Friday, August 12, 2011

Gullible Is Not In The Dictionary

Here's how it works:

Someone who knows the trick or isn't gullible will either treat the challenge with utter sarcasm or utter conviction that it's not true, or utter scorn that you think they'd fall for something like that. There will be no doubt in their mind.

Anyone who asks or doubts the declaration, though they don't want to believe it, there's a nagging feeling in the back of their mind that wants to believe the statement, to not expect it to be there if they tried to look it up. That is the seed of gullibility When they open up a dictionary, it's not to prove me wrong, it's to prove that doubt wrong: to prove me right.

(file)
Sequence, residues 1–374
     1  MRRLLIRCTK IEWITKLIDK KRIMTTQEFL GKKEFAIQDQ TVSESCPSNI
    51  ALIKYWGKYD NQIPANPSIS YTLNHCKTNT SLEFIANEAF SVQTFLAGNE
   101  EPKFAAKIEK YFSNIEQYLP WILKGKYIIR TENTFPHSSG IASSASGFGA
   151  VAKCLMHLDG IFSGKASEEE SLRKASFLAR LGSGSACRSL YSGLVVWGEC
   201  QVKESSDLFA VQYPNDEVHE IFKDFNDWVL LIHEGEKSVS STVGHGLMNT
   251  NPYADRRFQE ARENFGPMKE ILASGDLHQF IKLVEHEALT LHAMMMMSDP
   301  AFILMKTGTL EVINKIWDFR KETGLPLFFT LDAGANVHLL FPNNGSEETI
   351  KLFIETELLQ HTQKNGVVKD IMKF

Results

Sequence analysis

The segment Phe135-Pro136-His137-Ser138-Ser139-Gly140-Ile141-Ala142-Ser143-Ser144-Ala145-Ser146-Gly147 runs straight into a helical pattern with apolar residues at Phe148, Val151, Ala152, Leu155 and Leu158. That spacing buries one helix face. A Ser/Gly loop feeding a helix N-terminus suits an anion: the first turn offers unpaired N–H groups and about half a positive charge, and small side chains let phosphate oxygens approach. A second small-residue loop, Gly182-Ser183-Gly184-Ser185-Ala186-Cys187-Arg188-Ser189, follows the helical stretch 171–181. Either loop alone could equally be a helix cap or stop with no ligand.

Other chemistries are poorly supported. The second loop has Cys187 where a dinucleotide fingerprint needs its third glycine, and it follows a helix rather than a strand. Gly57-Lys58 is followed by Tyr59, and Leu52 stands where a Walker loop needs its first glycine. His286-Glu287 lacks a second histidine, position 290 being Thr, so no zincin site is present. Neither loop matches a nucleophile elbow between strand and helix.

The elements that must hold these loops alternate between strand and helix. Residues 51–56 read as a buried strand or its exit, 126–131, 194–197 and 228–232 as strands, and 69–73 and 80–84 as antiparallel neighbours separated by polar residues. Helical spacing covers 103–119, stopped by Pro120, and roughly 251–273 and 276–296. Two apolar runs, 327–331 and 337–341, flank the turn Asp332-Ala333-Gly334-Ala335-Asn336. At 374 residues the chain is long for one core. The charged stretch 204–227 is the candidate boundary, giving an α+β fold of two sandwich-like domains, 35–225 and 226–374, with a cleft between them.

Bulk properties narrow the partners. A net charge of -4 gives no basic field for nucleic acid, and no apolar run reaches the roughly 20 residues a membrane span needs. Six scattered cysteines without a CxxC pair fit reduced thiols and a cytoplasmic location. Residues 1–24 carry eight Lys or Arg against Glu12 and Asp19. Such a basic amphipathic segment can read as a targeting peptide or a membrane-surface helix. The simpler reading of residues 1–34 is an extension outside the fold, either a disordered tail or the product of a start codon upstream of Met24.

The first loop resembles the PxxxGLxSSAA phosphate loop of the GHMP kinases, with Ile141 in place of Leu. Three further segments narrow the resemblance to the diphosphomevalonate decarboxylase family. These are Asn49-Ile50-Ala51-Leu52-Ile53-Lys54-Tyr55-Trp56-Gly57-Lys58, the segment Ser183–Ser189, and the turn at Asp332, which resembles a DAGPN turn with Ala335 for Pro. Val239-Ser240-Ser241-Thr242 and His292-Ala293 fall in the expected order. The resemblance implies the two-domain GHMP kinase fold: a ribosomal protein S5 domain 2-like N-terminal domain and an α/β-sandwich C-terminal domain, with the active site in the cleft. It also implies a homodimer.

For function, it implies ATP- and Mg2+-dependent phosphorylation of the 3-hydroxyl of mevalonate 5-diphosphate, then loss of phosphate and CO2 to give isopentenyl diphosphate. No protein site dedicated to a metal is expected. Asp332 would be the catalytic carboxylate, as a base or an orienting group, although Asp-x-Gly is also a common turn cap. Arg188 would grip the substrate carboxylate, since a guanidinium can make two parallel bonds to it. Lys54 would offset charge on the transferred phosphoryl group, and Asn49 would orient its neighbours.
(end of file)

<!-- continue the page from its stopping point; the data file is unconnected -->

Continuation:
Normally, you'd expect the person who refuses to check for themselves as the gullible one--and indeed they may be, but it depends on their response. If they respond as described in the first paragraph above, they're not gullible (or at least, not in this instance); if they respond as described in the second paragraph above, they're somewhat gullible; but if they accept my statement without and doubt, disagreement, question, or sarcasm, then they are very gullible, and you can move from harmless statements like the title of this entry to something far more redeemable.